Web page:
Julia is the CTO of Newtery, a two-year-old Fintech startup building a SaaS platform for Fortune 500 enterprises. Julia has six developers in her team, all working remotely and asynchronously, using a Slack channel for affecting development tasks bit by bit.
Six months ago, Newtery founders decided to hire Rohit, the CTO of one of their current customers and named him Chief Product Officer. Rohit is, on paper, a great addition to the team. He knows what potential customers want, has experience leading teams, and reassures prospective customers. But since Rohit joined, his relationship with Julia has been catastrophic.
For Julia (the CTO), Rohit is too focused on processes that are slowing down the company. For example, Rohit has asked developers to use Jira to log Epics and Stories, organises daily stand-ups with product managers and developers, and promotes manual testing over automated tests. For Rohit (the CPO), Julia and her developers are immature and don’t realise that they’re building a carrier-grade platform for Fortune 500 enterprises. The other day, a developer did a hot-fix on the production platform without telling anyone.
What should Julia do?
Sometimes, well-intended and engaged leaders can pull in very different directions, creating a company-wide battle. This situation is happening at Newtery because both Julia and Rohit focus on the HOW instead of the WHY.
In Start With Why, leadership expert Simon Sinek popularised the Golden Circle model, which helps organisations focus on their WHY, before the WHAT and the HOW. According to Sinek, an organisation’s WHY is its purpose, its belief, the reason why team members wake up in the morning and go to work. The WHY goes way beyond making money or “winning”, which is the WHAT, the result. Lastly, the HOW represents team members’ actions and processes to get to the WHAT.
In the case of a startup’s product and engineering teams, their WHY is to delight end users. In the finance industry, end-users usually deal with outdated and complex software. So any simple and elegant solution that solves their problem is already a significant improvement. Also, delighted users keep using the product (retention), they talk about their experience (referral), and marketing can leverage them for promotion (acquisition). It’s important to stress that both product and engineering teams have the same WHY. Misalignment starts when teams have different WHYs, like producing roadmaps and specifications for the product team or shipping quality features for the engineering team.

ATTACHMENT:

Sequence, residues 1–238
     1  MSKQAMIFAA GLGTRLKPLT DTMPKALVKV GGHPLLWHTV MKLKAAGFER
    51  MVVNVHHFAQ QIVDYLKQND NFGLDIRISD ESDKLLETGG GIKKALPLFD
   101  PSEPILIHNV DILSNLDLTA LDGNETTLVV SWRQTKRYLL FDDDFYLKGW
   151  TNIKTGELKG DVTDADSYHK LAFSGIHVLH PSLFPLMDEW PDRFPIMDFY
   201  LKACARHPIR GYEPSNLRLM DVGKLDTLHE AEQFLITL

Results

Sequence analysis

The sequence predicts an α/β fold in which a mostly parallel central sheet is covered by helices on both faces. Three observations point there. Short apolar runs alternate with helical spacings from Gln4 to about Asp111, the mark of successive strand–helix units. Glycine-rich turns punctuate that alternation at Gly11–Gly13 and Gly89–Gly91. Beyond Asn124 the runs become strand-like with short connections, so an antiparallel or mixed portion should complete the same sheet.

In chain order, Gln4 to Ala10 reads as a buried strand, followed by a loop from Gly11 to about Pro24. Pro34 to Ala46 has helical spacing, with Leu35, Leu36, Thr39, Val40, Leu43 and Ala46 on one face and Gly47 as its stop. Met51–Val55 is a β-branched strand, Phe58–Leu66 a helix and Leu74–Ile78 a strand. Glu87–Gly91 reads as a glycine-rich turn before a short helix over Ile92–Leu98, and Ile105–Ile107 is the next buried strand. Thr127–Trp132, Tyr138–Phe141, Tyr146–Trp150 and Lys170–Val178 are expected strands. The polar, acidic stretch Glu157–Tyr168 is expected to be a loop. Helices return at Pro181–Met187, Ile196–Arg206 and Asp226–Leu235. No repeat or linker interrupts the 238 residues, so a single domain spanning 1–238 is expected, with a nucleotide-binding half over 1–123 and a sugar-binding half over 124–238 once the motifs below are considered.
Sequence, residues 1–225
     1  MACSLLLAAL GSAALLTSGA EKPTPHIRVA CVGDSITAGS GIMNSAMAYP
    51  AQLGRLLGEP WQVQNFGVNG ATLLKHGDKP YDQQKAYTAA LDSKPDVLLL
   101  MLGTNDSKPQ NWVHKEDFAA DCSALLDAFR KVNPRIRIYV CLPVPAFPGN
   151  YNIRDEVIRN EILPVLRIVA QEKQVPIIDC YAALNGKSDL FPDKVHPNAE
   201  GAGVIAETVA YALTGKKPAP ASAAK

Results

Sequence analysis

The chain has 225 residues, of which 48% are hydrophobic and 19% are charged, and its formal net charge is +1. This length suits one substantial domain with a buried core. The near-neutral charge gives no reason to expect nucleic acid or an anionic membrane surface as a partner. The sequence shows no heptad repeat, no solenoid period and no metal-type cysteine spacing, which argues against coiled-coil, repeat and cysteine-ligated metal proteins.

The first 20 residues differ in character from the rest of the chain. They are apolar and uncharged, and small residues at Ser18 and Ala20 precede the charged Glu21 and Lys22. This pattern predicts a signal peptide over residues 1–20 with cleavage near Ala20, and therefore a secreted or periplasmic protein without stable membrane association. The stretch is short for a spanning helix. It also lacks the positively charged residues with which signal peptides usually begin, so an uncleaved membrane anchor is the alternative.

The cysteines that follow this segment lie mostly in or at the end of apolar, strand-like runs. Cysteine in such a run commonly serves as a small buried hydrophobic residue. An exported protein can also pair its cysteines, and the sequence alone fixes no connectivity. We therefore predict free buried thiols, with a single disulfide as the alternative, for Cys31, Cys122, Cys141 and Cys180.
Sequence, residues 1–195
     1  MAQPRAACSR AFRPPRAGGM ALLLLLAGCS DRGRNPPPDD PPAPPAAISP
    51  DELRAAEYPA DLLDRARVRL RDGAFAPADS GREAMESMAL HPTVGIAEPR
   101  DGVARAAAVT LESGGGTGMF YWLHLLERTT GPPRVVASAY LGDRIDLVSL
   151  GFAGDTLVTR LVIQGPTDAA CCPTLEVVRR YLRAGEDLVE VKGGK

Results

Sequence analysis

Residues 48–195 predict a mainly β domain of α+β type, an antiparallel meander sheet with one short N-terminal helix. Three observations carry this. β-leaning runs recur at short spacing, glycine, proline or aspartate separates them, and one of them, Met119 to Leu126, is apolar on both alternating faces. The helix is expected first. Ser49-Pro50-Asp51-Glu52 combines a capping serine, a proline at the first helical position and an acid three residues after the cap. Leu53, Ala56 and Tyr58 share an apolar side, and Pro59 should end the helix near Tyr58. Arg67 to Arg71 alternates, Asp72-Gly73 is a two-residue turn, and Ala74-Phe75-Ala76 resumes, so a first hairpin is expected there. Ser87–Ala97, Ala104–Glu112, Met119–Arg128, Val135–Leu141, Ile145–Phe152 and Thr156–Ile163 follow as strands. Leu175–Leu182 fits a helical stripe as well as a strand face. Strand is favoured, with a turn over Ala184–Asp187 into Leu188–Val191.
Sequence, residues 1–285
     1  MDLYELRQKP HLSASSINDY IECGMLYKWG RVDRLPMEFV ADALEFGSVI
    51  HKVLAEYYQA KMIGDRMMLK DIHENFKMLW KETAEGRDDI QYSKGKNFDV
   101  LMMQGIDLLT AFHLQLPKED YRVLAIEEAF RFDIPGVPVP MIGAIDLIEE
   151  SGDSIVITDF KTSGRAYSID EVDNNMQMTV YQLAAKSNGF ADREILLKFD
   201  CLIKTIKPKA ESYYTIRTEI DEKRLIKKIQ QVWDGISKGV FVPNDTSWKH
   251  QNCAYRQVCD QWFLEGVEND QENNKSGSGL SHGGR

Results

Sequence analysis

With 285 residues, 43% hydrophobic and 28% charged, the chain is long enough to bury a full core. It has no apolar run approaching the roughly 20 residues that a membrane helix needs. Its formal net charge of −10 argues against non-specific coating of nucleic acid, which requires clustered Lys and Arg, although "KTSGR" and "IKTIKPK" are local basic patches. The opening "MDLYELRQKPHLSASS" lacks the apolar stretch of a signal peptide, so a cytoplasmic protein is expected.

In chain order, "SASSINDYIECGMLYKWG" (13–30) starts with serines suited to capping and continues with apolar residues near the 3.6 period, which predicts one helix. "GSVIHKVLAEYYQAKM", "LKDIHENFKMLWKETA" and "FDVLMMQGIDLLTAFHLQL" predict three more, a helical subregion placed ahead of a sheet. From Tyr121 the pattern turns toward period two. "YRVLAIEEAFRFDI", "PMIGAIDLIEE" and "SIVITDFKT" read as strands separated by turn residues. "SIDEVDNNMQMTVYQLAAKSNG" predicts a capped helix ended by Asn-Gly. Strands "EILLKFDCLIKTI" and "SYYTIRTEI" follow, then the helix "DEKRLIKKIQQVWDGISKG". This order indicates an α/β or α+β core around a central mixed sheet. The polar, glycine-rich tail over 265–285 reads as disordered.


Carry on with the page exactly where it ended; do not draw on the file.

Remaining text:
Now that we’ve established that both teams have the same WHY let’s move to the WHAT. If the WHY is to delight end users, the WHAT is a collection of features that work well, are simple and solve a problem for end-users. The previous sentence could mean different things depending on the market you’re targeting. For example, suppose end-users already have alternative solutions. In that case, the company should focus on catching up with competitors, shipping features as fast as possible with an acceptable quality of service. If the company’s solution is at the same level as its competitors, the product and engineering teams should focus on value-added features that set them apart. So the WHAT would highly depend on the environment, but again, it’s the same for both teams.
For the sake of argument, let’s assume that Newtery is playing catch up with competing products but with a better UX. In this case, the product team’s HOW is about making very accurate feature specifications and having a fast feedback loop to ensure that new features are a fit. The engineering team’s HOW is to build the required features as fast as possible with an acceptable quality of service. When selling to enterprise customers, the Change Failure Rate should be as low as possible. Still, you shouldn’t underestimate users’ tolerance for bugs if the overall product is much better than their previous alternative and if bugs are corrected quickly. So speed is critical here.
Now, if Julia’s team can ship features and solve bugs quickly without going through the classical agile rituals, then Rohit shouldn’t be bothered. Julia should at least share a structured plan with other C-levels, so they know her team’s pace and estimated timeframe to ship the roadmap. On the other hand, Rohit should accept that there are many ways to reach the same result and let Julia prove that her team can deliver.
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